Profiles of Distress in Sheltered Battered Women: Implications for Intervention
Abstract:Heterogeneity in patterns of distress and psychological functioning was investigated using a person-oriented approach to data analysis in two diverse samples of battered women in shelters. In order to provide some empirically derived guidance to clinicians, scores on measures of depressive symptoms as well as state and trait anxiety were cluster analyzed. A four-cluster solution provided the best fit for both samples of women, and despite the demographic differences in the women, generally similar clusters were found in both samples. One cluster contained women with minimal distress; another, those who were mildly anxious; in a third cluster, the women were moderately to highly depressed and anxious; and in a fourth cluster, the women were reporting severe levels of distress. Implications for treatment include the importance of providing individually tailored interventions for the women, based on differential combinations of depression and anxiety, especially for women whose distress levels are in the high and severe ranges of distress.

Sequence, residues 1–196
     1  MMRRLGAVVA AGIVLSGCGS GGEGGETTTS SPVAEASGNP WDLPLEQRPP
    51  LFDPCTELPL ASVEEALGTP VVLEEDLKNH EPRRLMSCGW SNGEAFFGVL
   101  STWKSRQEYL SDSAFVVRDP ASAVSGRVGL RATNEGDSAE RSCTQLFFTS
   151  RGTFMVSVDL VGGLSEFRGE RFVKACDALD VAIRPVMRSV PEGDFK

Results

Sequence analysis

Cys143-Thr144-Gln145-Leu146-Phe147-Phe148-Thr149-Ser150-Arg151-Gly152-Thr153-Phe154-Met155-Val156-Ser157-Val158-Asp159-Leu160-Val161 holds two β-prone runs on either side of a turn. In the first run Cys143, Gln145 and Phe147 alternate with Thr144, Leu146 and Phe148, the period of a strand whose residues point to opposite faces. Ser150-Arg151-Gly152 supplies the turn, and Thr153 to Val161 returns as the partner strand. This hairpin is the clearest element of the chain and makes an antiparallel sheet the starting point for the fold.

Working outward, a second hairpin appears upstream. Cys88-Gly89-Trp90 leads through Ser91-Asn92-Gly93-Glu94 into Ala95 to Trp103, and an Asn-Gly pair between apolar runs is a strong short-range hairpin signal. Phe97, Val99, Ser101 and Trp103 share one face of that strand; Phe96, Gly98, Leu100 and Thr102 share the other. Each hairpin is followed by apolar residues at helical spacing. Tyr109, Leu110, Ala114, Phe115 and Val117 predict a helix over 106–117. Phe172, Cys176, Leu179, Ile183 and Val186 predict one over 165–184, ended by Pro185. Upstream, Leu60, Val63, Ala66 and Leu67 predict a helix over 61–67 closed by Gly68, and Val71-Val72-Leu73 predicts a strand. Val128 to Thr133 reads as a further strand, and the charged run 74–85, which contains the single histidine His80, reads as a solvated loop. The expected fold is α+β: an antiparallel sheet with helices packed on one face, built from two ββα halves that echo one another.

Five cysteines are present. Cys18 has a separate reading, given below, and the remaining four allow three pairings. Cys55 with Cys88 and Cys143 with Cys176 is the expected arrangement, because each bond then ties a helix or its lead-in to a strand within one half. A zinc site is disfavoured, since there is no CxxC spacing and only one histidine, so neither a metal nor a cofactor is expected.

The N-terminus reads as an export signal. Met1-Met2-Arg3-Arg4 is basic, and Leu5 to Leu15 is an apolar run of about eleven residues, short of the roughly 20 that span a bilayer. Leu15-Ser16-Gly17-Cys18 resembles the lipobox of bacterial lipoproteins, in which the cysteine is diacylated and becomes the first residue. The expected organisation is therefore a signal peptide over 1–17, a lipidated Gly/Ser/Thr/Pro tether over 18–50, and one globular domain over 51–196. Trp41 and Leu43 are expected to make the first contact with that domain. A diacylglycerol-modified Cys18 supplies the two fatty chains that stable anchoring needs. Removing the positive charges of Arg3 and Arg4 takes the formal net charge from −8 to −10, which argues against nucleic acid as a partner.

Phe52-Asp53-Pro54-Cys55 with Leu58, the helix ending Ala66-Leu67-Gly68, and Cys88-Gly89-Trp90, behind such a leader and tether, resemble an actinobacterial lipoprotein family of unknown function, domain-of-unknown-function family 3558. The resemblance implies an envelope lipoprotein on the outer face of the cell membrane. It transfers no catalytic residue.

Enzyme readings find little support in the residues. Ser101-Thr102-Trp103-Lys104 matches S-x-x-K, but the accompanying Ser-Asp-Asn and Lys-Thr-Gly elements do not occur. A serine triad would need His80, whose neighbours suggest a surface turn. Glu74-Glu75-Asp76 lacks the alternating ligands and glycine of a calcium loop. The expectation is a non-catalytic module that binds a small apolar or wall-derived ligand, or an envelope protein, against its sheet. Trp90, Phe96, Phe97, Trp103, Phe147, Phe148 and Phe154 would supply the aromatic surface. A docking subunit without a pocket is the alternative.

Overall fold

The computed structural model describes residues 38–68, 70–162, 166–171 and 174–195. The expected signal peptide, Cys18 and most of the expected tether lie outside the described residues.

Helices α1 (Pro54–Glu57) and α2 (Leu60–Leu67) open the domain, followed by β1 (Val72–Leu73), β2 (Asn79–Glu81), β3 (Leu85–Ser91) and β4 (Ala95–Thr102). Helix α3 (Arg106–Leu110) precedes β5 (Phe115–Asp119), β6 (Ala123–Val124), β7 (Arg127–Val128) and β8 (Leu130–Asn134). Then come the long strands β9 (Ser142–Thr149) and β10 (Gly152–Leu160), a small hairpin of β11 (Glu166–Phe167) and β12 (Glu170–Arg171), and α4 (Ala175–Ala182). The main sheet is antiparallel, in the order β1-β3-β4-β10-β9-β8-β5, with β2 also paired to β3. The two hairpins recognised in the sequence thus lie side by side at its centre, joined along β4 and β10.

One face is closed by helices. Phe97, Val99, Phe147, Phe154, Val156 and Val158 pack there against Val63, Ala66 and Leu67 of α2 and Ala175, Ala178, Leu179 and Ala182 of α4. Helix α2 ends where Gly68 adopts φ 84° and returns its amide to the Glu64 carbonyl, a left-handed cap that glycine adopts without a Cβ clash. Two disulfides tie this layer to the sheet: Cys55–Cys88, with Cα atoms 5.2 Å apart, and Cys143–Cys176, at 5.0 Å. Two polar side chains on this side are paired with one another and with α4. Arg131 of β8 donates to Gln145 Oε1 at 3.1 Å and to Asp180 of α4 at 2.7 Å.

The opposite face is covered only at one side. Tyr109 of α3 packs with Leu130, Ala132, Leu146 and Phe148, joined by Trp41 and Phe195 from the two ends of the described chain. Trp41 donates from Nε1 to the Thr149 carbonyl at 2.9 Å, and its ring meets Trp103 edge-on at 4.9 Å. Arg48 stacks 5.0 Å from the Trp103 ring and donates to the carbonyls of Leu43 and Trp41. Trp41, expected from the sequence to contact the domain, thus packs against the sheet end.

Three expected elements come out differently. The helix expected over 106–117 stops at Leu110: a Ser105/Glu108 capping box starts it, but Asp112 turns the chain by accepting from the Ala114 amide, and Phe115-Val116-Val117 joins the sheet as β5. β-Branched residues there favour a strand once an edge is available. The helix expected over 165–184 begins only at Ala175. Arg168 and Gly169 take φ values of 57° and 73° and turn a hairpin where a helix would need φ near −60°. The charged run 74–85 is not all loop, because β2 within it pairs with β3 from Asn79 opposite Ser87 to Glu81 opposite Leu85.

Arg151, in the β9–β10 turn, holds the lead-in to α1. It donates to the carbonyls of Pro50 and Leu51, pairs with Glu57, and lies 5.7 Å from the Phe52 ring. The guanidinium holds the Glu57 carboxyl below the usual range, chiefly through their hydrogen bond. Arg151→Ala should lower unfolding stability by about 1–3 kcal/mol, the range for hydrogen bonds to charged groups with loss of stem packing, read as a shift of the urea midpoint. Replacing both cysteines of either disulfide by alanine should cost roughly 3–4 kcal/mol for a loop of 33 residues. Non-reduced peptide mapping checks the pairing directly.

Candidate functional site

Document Type: Research Article
Publication date: 2011-08-01
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- Violence and Victims discusses theory, research, policy, and clinical practice in the area of interpersonal violence and victimization across such disciplines as psychology, sociology, criminology, law, medicine, nursing, psychiatry, and social work.
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